Park said she would push for legislation aimed at transferring the coast guard’s responsibilities to the National Police Agency and a new government safety agency that she plans to establish. The new agency would also take over maritime traffic controlling responsibilities, currently held by the Ocean Ministry, and safety and security responsibilities, held by the Ministry of Security and Public Administration, and would deal with both land and sea disasters, she said.

Coast guard chief Kim Suk-kyoon said his agency would humbly accept Park’s decision and intensify efforts to recover all missing ferry passengers. More than one month after the sinking, 286 bodies have been retrieved but 18 others are missing. Some 172 people, including 22 of the ship’s 29 crew members, survived.

The immediate backlash from Park’s rivals could signal a rough path for the propsals, which require parliamentary approval.

"Disbanding the coast guard is an extremely sensational, stunning announcement, and it gives an impression that Park is passing all the responsibility to the coast guard," said Park Kwang-on, a spokesman for the main opposition party.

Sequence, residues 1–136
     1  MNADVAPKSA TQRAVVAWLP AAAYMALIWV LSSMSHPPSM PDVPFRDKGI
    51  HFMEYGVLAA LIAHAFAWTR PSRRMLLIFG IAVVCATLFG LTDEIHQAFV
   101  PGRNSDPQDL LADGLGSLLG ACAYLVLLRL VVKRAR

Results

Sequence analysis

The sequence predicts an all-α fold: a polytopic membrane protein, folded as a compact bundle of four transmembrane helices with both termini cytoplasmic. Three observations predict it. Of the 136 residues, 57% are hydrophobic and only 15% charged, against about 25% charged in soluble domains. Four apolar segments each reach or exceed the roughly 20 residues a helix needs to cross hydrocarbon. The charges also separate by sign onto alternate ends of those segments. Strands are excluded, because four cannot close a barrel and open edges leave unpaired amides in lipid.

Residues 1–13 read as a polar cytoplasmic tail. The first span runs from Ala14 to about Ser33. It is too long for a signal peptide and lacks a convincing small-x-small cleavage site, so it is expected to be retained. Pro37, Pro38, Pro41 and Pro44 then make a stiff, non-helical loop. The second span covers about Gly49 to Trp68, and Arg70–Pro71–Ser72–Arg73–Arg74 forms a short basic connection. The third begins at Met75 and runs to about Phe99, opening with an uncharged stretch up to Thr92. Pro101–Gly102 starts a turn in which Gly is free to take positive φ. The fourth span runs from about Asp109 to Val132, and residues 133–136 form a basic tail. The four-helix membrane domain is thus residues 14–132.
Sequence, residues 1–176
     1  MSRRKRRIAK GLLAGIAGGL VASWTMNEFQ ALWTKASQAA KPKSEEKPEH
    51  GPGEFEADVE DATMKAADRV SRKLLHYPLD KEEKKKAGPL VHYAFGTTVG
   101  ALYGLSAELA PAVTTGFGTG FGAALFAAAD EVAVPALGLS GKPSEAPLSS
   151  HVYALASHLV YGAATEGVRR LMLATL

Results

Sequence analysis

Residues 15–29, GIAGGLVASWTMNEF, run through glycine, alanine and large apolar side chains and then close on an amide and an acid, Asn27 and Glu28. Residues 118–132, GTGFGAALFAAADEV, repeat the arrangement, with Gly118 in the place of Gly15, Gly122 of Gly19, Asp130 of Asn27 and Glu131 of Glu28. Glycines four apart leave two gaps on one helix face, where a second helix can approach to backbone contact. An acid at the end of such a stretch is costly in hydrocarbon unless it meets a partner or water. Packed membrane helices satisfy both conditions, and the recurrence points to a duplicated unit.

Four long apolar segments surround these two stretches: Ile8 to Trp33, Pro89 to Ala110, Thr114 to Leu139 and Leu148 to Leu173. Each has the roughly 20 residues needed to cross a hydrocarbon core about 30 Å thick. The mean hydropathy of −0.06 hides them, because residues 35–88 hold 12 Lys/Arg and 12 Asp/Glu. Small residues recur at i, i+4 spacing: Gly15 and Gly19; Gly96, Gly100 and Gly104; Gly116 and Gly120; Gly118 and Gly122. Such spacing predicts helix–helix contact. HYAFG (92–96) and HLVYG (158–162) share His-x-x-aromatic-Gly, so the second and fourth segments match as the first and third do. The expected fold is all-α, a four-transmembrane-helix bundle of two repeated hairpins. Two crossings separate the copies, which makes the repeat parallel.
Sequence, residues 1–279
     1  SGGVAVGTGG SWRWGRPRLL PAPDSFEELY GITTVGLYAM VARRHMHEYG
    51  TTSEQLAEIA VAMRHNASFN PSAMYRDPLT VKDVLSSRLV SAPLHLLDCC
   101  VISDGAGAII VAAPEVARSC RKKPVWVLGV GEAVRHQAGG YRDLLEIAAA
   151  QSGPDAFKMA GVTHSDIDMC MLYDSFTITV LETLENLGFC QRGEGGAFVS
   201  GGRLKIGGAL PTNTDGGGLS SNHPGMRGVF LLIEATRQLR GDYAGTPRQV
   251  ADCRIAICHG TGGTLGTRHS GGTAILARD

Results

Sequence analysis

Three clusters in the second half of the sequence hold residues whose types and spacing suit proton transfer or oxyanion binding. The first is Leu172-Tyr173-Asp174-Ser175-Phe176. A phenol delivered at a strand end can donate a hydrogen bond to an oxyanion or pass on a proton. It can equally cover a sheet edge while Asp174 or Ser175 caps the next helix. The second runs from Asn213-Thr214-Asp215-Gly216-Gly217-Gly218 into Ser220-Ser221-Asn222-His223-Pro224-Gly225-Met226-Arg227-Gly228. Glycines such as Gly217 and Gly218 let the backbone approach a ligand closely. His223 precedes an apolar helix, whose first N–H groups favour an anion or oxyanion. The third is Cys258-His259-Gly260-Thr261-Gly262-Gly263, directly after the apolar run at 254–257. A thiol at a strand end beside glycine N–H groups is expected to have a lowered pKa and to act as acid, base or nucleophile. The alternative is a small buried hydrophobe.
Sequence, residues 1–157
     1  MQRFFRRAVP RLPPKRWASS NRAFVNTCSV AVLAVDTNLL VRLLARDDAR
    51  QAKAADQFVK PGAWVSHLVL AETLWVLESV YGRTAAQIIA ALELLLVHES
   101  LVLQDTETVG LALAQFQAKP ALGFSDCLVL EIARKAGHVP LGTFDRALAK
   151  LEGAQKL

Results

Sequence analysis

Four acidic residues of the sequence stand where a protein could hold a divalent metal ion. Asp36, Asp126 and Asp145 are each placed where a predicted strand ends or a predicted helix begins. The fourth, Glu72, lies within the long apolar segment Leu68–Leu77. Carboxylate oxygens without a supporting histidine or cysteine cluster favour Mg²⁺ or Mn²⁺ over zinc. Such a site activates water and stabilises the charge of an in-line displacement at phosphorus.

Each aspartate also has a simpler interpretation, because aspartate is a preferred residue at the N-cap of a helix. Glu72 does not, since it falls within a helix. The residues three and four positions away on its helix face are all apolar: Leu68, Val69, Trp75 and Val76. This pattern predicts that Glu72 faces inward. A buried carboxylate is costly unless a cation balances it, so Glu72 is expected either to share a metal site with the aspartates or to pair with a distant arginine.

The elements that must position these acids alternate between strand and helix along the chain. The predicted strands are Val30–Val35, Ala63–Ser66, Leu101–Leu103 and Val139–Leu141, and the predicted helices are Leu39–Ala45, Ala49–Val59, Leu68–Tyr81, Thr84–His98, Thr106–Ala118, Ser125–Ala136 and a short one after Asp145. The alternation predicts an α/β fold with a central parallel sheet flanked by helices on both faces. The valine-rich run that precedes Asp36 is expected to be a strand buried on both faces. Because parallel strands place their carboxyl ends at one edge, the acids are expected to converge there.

The coast guard has been blamed for a series of missteps during and after the sinking. Questions have been raised about why its boats came late to the scene and why rescuers didn’t enter the sinking ship to rescue passengers trapped inside. The coast guard has said that the ship was listing too far for officers to enter when they arrived.

A senior coast guard officer dealing with relatives of missing passengers stepped down after he was found to have had close ties with the ferry’s de facto owners. Another officer was arrested for allegedly leaking confidential information that the authorities would investigate regulators. The coast guard has also faced criticism for repeatedly correcting the number of survivors and people aboard the ship.

The coast guard, founded in 1953, at the close of the Korean War, only became an independent organization in 1996. It was previously part of the country’s police agency. One big coast guard responsibility is dealing with Chinese fishermen illegally operating in South Korean waters. The new agency would take over those duties.